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Kaigelu 300 Calligraphy Pen


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#1 richardandtracy

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Posted 24 October 2011 - 16:02

Kaigelu 300 Calligraphy Pen Review.

This is a very brief review of my wife's Kaigelu 300 Calligraphy Pen. I have no idea how much it cost (I'm told it's something I don't need to know - as with everything else she buys!), but the Kaigelu RRP is RMB29 (at current exchange rates, approx £3.20, US$5).

The pen is as below:
Uncapped:
Posted Image
As you can see, the nib is a little bit odd. It bends up at the end...
[Posted Image
What is more, it's meant to! This appears to be a Chinese calligraphy pen, designed to act a bit like a brush.

The pen dimensions are:
Length, Capped: 134.5mm (5.3")
Length, Uncapped: 119mm (4.7")
Length, Posted: 152.5mm (6")
Barrel Diameter: 9.9mm
Cap Diameter: 11.1mm
Weight: approx 21g
Construction
This is a bottom of the range Kaigelu, so the plating is visibly thin over silver coloured metal. The barrel is brass, painted black. The section is thinly anodized aluminium. The convertor is a cheaper screw convertor than is found in the 316. The cap is made in the same way as the barrel. However, it is well put together, there are no sharp edges and it is fairly well designed. I suspect it will keep writing for a long time after the finish becomes rather tired. Longevity of the finish: Possibly 6 months as an everyday pen, but it won't be an everyday pen with that nib..
The clip is secure and there are no sharp edges. The cap lip is reinforced with a separate machining - better than the Parker Frontier - and the edge is well finished.
While it is the bottom of the range, it feels like a very good pen for the money, with good design and all the parts are well finished.

Writing
This pen is rather odd. The thickness of the line can alter dependant on the angle you are presenting it to the paper. At an angle of about 30 degrees, the line is incredibly fat, a BBB or wider. Then as the angle of incidence increases, the line reduces in width. At about 40-45 degrees it's a fat medium, reducing to its minimum width of a fine medium between 75 degrees and vertical. As a result, a certain amount of thought can lead to dramatically different writing, this is demonstrated below:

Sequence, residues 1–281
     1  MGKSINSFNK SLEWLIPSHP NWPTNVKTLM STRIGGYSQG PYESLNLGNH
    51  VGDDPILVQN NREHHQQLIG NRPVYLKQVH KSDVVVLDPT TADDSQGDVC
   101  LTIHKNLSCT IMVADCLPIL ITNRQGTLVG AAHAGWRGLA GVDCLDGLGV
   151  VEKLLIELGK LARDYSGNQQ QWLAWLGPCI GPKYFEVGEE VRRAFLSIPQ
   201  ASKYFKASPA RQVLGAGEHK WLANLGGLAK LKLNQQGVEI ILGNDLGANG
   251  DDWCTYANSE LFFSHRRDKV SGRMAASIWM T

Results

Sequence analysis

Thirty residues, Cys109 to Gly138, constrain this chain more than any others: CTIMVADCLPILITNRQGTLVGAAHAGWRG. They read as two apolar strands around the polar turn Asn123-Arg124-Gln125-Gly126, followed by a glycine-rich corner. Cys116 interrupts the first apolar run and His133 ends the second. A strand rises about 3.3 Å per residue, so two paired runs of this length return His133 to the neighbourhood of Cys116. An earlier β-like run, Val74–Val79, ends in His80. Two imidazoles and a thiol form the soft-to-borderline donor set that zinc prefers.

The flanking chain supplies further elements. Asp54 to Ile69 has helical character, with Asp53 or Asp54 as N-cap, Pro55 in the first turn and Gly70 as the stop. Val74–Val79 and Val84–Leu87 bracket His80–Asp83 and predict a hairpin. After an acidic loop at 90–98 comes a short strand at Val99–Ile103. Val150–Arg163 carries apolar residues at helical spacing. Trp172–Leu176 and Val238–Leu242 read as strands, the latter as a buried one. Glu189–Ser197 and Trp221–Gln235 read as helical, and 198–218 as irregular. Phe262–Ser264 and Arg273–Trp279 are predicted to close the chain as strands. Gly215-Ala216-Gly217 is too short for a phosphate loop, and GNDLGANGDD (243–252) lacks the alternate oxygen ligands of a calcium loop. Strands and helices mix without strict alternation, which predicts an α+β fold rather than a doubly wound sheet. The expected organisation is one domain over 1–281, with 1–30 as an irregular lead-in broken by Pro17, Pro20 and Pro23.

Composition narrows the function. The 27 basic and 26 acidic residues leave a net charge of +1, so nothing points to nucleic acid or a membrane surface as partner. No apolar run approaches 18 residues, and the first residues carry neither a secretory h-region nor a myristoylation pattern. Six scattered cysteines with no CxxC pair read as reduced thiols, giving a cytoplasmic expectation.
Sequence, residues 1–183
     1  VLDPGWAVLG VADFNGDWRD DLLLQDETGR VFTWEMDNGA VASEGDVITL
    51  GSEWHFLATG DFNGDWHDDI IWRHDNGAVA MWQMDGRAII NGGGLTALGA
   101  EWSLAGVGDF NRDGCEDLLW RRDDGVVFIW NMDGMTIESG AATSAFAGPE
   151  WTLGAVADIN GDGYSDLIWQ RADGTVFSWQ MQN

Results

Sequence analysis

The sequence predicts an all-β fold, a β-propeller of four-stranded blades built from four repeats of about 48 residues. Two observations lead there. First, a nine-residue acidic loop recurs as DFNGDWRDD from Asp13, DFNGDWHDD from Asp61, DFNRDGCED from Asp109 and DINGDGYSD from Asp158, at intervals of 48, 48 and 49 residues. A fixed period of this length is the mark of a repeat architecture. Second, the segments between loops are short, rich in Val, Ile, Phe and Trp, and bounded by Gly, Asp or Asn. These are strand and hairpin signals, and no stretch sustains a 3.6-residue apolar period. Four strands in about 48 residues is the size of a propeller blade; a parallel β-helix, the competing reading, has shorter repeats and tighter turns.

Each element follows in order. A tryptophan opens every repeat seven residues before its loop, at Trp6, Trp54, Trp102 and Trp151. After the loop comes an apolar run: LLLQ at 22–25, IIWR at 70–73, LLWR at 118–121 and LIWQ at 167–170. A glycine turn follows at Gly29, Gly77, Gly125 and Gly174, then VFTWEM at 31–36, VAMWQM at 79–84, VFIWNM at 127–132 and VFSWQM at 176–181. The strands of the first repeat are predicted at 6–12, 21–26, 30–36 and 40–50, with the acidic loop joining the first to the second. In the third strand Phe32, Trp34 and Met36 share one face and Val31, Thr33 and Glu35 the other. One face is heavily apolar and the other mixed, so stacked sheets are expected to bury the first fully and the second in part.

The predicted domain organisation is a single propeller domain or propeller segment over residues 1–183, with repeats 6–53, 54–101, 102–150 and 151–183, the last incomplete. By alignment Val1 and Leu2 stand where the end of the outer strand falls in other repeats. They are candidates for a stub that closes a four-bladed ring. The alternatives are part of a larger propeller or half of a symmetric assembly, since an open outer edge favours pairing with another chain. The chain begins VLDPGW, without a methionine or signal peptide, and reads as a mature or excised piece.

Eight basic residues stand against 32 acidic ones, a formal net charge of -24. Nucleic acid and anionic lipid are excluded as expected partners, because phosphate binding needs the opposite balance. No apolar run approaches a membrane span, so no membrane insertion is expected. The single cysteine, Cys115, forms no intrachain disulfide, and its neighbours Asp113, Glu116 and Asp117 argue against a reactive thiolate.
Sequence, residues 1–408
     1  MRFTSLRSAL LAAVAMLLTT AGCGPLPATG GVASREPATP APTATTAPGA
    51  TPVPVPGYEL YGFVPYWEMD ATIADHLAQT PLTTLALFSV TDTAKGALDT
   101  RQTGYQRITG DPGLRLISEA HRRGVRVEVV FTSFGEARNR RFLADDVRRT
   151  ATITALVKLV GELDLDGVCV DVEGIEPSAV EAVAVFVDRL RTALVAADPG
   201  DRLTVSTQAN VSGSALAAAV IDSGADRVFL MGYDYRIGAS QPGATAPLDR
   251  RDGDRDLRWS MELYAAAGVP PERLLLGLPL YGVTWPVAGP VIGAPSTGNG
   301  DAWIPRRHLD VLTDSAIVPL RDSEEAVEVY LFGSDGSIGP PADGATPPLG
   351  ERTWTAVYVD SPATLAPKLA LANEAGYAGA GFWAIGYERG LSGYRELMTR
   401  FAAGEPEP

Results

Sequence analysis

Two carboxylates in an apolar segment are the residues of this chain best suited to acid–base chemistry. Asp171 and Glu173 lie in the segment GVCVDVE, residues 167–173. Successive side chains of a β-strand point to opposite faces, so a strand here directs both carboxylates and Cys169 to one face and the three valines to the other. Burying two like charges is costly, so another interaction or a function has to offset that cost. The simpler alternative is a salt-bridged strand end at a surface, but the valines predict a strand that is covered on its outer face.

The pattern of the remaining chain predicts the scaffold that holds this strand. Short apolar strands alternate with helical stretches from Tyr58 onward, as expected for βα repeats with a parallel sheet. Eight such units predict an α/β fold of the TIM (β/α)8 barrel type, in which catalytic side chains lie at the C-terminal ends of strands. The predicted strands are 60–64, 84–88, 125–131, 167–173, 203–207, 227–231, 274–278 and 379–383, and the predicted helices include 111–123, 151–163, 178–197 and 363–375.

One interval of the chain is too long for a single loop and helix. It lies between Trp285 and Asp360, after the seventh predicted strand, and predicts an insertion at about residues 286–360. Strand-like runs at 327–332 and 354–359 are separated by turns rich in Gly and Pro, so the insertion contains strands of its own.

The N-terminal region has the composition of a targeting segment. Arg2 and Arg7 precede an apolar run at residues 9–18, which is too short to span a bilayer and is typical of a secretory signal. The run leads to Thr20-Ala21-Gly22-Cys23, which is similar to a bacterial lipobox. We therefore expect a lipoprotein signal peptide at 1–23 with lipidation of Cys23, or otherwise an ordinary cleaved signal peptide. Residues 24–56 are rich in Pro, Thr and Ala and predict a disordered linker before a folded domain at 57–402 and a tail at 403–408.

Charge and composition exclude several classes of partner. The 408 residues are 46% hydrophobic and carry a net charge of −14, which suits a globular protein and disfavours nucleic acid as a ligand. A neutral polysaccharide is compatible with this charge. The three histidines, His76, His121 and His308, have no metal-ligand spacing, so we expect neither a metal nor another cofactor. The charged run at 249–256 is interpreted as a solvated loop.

Posted Image
It takes a little thought, but thinking of the pen as a brush leads to a more natural way of working with the pen as you pull it in the direction you want it to go.
At a standard 45 degrees, it feels like any nice, small & slender medium nibbed pen. The balance is good, the size is slightly on the small side for me (not very different from a Parker Sonnet), and the weight is good. The section tapers, but not excessively, and the anodized finish does help to prevent hot fingers from slipping.
It is a pen that, the nib excepting, could be used easily all day long. Infact, there is a non calligraphy version which would be a very nice student pen, however I've not tried it.

Conclusion
It's a toy. A nicely put together toy, but a toy nonetheless. For its purpose of being used occasionally for special occasions, I think it'll do its job well, but after that I think one would get pretty tired of living with the unusual nib.

I hope this is of interest,

Richard.

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#2 Uncle Red

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Posted 24 October 2011 - 16:30

Thanks for the review and writing sample Richard, I've been wondering about these. Of course for someone writing Chinese characters this could be a really useful tool.

#3 Sailor Kenshin

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Posted 24 October 2011 - 16:56

Thanks for the review of an unusual and under-appreciated pen.

Of course I've got one. My 'Kangeroo' 300 is a decent writer, and my only quibble is the metal section. Metal sections are just not to my taste, but since I collect all manner of fude, and this was was an unbelievable five bucks, I had to have it.

#4 watch_art

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Posted 24 October 2011 - 23:33

Thanks for the review of an unusual and under-appreciated pen.

Of course I've got one. My 'Kangeroo' 300 is a decent writer, and my only quibble is the metal section. Metal sections are just not to my taste, but since I collect all manner of fude, and this was was an unbelievable five bucks, I had to have it.


Did you ever find a use for the fude nib I sent you?

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#5 Sailor Kenshin

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Posted 25 October 2011 - 16:33

Alas. I don't yet have a big enough pen to swap nibs with!






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